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    ABSTRACT: Low-energy photon emitting radionuclides encapsulated for a permanent implant are routinely applied in prostate cancerbrachytherapy. Before clinical use, a new source design requires full dosimetric analysis and calibration standardization. The results of one such experimental measurement and analysis are reported here for a new design of 125 I source, model I125-SL. Dose measurements were made using standard methods employing thermoluminscent dosimeters in a water equivalent plastic phantom, in accord with the AAPM Task Group #43 recommendation of liquid water reference material. Precision machined bores in the phantom located dosimeters and source(s) in a reproducible fixed geometry providing for transverse-axis and angular dose profiles over a range of distances from 0.17 to 10 cm. The data were analyzed in terms of parameters recommended by AAPM TG43. The dose-rate constant, Λ, was evaluated by two methods, the first with reference to a 60 Cobalt standard, accounting for response variation with photon energy spectrum. Second, the dose-rate constant was determined with reference to phantom measurements using NIST traceable calibrated model 6702 and 6711 sources. The radial dose function, g(r), the anisotropy function, F(r,θ), the anisotropy factor, φ an (r), and the point-source approximation anisotropy constant, φ̄ an , were derived from one- and two-dimensional dose distribution data measured in the phantom, accounting for finite dosimeter volume and with attention to interchip effects. The results are compared to TG43 and other existing data for 125 I sources. The new source is comparable to the model 6711 source design.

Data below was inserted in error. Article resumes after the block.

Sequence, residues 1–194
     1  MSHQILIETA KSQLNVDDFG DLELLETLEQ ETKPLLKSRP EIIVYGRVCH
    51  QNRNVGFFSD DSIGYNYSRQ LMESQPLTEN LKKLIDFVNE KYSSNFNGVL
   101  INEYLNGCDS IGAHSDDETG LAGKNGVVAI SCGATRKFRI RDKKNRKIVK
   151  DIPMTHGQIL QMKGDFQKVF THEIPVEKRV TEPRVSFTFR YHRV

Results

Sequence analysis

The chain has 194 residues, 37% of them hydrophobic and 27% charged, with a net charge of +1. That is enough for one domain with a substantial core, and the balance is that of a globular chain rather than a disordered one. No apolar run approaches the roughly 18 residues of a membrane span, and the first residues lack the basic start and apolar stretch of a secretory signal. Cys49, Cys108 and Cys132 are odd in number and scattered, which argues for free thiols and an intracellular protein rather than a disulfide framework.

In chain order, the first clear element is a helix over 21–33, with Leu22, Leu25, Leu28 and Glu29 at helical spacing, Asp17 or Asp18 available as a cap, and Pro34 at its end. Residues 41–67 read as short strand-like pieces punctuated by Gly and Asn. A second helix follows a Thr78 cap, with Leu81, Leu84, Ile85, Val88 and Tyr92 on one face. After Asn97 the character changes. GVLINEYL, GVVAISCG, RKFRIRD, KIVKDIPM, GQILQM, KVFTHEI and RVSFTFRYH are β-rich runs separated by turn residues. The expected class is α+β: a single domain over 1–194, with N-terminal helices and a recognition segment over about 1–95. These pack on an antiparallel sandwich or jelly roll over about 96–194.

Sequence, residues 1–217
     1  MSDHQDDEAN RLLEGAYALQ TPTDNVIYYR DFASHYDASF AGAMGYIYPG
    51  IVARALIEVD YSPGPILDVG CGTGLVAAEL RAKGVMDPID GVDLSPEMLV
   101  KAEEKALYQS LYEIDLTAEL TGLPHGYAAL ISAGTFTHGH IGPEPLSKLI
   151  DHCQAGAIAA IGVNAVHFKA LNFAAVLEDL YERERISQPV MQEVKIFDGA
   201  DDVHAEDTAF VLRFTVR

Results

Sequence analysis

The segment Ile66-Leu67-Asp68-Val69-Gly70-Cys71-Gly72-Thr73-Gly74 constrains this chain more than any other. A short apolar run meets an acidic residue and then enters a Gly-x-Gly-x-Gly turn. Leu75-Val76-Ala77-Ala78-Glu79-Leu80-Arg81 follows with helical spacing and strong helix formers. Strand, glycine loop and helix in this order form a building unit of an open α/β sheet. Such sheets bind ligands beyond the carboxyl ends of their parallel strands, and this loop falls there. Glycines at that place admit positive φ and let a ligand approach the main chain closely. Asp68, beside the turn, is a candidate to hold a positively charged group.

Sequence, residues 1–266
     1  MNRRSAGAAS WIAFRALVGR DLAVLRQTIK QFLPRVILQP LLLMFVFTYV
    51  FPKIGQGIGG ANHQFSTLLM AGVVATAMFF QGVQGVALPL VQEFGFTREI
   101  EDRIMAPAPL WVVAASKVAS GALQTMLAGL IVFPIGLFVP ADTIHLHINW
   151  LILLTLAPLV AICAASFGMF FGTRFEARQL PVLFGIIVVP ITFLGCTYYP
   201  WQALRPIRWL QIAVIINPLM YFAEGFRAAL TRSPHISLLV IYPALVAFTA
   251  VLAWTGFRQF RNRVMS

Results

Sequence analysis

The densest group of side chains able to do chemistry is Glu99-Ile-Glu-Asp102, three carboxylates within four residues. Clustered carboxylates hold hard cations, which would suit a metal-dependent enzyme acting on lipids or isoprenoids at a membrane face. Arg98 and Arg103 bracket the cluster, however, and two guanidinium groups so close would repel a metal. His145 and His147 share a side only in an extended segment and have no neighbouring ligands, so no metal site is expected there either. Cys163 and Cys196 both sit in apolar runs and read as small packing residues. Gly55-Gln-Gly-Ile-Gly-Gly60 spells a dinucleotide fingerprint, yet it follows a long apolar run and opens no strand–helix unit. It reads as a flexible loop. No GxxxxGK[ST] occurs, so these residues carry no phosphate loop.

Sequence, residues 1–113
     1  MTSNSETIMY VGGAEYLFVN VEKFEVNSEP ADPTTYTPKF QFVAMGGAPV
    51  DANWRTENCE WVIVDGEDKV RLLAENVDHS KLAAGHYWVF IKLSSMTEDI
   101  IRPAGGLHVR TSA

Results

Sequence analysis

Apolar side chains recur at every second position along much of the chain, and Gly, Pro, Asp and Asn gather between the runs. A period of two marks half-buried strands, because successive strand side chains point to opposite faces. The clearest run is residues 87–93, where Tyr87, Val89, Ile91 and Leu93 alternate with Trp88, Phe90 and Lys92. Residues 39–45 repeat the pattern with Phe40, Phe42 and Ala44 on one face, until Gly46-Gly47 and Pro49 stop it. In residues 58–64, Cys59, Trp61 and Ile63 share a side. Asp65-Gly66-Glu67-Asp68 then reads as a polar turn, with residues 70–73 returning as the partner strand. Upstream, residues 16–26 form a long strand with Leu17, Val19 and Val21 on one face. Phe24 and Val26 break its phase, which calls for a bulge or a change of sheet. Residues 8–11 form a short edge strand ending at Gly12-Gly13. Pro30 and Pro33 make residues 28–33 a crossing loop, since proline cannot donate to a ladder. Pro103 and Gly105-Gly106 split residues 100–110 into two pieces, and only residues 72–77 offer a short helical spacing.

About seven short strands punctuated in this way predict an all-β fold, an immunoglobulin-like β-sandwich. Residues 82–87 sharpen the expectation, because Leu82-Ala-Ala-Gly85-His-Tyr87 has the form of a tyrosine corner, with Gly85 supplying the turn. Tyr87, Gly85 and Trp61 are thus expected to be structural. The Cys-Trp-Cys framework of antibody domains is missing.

No preview · Article · Dec 2000 · Medical Physics
  • [Show abstract] [Hide abstract]
    ABSTRACT: Low-energy photon emitting radionuclides encapsulated for a permanent implant are routinely applied in prostate cancer brachytherapy. Before clinical use, a new source design requires full dosimetric analysis and calibration standardization. The results of one such experimental measurement and analysis are reported here for a new design of 125I source, model I125-SL. Dose measurements were made using standard methods employing thermoluminscent dosimeters in a water equivalent plastic phantom, in accord with the AAPM Task Group #43 recommendation of liquid water reference material. Precision machined bores in the phantom located dosimeters and source(s) in a reproducible fixed geometry providing for transverse-axis and angular dose profiles over a range of distances from 0.17 to 10 cm. The data were analyzed in terms of parameters recommended by AAPM TG43. The dose-rate constant, lambda, was evaluated by two methods, the first with reference to a 60Cobalt standard, accounting for response variation with photon energy spectrum. Second, the dose-rate constant was determined with reference to phantom measurements using NIST traceable calibrated model 6702 and 6711 sources. The radial dose function, g(r), the anisotropy function, F(r,theta), the anisotropy factor, phi(an)(r), and the point-source approximation anisotropy constant, phi(an), were derived from one- and two-dimensional dose distribution data measured in the phantom, accounting for finite dosimeter volume and with attention to interchip effects. The results are compared to TG43 and other existing data for 125I sources. The new source is comparable to the model 6711 source design.
    No preview · Article · Jan 2001 · Medical Physics